Three Local 6 states affected by illness linked to pet store puppies

Three states in the Local 6 area are among several states affected by an outbreak of drug-resistant infections linked to contact with pet store puppies, according to the U.S. Centers for Disease Control and Prevention.

The infections are from campylobacter bacteria, and the CDC says samples from people who have gotten sick in the outbreak were resistant to commonly recommended first-line antibiotics.

As of Oct. 23, 67 people were found to have the illness. Illnesses have been reported in 15 states —including Tennessee, Missouri, and Illinois. There have been two known cases in Tennessee, four in Illinois and five in Missouri.

The CDC says the typical symptoms for people with this infection are diarrhea (often bloody), stomach cramps, nausea, and vomiting. Most people with the illness develop symptoms two to five days after they were exposed to the bacteria, and the symptoms usually last a week.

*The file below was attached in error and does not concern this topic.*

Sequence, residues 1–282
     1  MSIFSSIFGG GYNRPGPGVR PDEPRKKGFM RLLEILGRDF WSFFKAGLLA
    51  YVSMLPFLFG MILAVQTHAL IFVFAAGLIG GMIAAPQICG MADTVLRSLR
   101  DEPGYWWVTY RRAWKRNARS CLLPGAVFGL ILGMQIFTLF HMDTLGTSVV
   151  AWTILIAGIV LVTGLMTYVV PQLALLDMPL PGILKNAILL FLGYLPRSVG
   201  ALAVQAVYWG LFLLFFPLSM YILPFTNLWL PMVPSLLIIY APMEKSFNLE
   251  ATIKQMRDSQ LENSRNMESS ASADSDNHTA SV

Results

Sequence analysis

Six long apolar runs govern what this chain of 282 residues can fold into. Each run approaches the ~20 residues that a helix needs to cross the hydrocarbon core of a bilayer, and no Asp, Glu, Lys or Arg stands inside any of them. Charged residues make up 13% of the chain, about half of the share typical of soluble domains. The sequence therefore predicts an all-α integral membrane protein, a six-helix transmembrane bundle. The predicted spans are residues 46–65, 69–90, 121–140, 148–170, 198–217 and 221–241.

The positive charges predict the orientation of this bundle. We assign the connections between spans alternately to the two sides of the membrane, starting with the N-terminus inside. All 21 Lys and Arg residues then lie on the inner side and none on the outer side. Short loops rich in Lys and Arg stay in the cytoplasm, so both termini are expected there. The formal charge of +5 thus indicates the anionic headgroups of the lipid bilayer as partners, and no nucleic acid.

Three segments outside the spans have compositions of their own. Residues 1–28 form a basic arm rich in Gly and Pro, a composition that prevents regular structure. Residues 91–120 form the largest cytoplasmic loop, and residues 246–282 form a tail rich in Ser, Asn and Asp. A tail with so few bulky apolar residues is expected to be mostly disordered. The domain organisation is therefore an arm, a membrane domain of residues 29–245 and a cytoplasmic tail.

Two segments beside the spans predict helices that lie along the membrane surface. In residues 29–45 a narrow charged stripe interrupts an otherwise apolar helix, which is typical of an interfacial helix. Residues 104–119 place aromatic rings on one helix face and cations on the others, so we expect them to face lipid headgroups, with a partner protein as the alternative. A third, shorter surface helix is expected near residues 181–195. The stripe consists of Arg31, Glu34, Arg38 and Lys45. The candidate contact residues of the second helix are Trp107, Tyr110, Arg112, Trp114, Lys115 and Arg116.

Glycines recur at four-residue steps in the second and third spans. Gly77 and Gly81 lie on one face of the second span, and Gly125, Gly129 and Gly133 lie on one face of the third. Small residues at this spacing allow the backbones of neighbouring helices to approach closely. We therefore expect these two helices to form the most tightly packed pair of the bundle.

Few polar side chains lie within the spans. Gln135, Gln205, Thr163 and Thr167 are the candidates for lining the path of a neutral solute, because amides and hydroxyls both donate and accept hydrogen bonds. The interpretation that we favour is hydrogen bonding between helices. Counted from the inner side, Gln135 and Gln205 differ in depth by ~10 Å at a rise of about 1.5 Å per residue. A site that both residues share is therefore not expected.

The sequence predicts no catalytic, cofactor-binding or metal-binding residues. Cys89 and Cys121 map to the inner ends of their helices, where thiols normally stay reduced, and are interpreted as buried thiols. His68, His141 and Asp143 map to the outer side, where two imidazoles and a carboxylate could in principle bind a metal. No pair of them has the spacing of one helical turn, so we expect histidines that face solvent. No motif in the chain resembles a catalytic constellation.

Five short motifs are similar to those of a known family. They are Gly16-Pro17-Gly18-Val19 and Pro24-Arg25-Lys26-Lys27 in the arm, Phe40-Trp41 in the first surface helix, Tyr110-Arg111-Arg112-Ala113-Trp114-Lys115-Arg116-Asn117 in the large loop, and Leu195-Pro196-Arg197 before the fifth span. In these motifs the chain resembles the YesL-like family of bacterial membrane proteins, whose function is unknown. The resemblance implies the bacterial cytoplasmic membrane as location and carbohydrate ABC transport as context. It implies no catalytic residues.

People are more likely to contract a severe campylobacter infection if they have a weakened immune system, if they are younger than 5 years or older than 65, or if they are pregnant.

The CDC says to avoid getting sick when handling dogs — whether puppies or adult dogs — people should wash their hands thoroughly with soap and water right after touching dogs or their poop. People are also advised to work with their veterinarians to keep animals healthy.

For more information about the outbreak, click here to see the CDC’s advisory. To view the outbreak map, click here.

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